Was it their bright idea that Bob Ojeda, who might have been their best pitcher in 1986 (2.57 ERA; league-leading .783 winning percentage; team-leading 18 wins) should lose a fingertip in a horrid home gardening accident after 1988 and never again be the same pitcher (good-to-borderline-great) he was?
Was it their bright idea that Jesse Orosco—who looked like he might become one of the greatest relief pitchers the game had ever known (his ERAs in his first five seasons were never higher than 2.73, and he finished one of those seasons with a 1.47 mark), with 44 relief wins and 91 saves by the end of 1986 (and they weren’t all single-inning jobs, either)—should have nine saves only once and would have a mere 40-37 won-lost record from 1986-2000? Orosco proved durable and useful, but he never again looked like even a borderline relief pitcher, never mind a prospectively great one.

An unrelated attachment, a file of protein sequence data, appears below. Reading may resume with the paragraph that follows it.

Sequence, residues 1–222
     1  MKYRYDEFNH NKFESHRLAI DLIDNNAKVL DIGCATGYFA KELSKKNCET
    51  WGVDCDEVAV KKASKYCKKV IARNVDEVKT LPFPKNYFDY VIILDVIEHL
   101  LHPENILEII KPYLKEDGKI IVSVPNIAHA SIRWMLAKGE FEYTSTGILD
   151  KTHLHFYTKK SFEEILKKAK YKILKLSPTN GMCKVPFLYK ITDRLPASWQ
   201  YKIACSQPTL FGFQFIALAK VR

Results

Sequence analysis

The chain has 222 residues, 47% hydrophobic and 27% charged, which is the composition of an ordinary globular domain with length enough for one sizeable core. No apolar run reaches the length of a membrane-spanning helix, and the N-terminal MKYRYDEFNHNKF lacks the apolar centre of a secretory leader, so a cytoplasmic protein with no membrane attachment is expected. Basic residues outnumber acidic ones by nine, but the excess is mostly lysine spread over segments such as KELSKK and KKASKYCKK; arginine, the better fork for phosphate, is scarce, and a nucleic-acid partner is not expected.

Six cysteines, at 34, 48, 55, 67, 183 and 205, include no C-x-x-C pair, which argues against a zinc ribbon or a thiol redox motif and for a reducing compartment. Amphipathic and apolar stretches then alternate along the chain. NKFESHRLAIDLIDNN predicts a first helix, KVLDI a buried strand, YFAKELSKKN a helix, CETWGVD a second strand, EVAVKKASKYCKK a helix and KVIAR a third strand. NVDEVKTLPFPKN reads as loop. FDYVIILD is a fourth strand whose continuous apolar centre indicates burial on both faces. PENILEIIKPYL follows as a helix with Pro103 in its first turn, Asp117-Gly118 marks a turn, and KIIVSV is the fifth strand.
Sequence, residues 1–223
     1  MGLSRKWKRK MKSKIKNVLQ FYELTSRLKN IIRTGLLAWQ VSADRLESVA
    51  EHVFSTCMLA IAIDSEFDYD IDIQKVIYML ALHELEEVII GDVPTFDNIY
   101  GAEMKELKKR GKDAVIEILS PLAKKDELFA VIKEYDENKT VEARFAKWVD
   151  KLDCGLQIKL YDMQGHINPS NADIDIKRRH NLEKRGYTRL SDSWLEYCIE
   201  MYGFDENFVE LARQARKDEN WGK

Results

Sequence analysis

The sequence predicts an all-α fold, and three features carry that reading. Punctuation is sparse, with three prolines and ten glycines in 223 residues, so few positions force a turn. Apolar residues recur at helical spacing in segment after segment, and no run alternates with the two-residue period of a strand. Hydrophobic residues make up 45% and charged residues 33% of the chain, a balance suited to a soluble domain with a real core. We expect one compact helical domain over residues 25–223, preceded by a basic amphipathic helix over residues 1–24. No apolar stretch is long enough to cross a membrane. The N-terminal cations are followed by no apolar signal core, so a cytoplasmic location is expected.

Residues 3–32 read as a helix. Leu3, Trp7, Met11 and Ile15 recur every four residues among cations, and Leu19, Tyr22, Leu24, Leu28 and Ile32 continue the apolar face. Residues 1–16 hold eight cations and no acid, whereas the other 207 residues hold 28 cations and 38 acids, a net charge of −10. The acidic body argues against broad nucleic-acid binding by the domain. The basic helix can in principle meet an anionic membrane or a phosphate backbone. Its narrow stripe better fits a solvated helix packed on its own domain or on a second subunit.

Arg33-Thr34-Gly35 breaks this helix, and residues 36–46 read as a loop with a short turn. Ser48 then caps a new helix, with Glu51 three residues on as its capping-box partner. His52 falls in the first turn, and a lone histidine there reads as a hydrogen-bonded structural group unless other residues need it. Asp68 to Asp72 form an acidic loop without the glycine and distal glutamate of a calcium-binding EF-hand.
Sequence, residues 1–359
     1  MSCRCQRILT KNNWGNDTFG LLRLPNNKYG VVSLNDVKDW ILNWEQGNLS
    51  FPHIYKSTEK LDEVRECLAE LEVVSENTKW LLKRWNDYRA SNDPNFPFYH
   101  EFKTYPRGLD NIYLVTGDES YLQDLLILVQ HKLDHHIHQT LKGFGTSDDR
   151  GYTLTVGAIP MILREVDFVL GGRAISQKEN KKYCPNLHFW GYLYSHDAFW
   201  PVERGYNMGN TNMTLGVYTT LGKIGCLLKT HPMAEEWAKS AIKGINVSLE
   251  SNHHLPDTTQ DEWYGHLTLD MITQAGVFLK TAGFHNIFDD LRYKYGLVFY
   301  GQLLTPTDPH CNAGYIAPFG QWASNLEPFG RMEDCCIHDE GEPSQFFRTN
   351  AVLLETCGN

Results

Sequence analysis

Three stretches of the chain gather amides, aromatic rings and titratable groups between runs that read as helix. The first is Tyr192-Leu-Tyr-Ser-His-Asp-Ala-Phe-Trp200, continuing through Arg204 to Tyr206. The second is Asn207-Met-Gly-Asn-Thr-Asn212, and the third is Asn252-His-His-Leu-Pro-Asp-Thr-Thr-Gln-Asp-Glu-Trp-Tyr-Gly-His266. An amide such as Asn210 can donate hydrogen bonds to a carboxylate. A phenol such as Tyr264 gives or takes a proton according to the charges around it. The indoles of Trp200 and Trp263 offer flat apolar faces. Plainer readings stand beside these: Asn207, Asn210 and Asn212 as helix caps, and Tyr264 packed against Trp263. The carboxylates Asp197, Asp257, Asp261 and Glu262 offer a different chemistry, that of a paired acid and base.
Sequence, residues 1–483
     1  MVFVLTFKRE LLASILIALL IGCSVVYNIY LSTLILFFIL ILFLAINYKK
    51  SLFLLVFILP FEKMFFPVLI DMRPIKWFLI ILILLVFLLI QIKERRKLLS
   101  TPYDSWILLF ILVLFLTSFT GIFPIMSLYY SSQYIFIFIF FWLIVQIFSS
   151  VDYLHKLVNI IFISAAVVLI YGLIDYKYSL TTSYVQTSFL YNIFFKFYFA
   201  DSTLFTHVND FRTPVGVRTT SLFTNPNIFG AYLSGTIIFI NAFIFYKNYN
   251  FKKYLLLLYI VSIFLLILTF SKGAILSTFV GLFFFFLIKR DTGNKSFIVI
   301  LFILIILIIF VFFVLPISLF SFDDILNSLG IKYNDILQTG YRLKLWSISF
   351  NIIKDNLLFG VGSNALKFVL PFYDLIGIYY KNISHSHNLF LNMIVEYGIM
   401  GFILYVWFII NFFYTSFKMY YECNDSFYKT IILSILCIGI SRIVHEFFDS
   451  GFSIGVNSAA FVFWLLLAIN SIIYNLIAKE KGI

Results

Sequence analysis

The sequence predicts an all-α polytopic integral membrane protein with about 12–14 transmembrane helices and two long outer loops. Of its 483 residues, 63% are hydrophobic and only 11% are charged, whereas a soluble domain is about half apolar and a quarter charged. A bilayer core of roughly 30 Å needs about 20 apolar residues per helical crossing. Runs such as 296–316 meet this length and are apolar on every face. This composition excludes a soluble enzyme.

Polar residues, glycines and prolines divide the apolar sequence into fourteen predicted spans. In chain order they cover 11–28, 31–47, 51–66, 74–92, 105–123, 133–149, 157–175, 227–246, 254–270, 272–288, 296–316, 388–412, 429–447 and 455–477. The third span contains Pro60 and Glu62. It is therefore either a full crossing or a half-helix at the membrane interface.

Was it their bright idea that Lenny Dykstra, a package of talent to burn, should be bedeviled by a combination of injuries and, as a Met, inconsistency (not to mention the damn fool idea, because he’d hit some rather unexpectedly in the postseason, that he should try to become a power hitter), until the Mets felt compelled to trade him (with Roger McDowell, the prankishly flaky co-closer on the ’86 Mets) to the Phillies for Juan Samuel? A deal that looked smart at the time, because of Dykstra’s injury-marked inconsistencies, but turned out to look like one of the ugliest in Met history . . . until he proved finished by a series of back injuries and recklessness (the two may have gone hand-in-hand) after his brief ascension as a Phillie?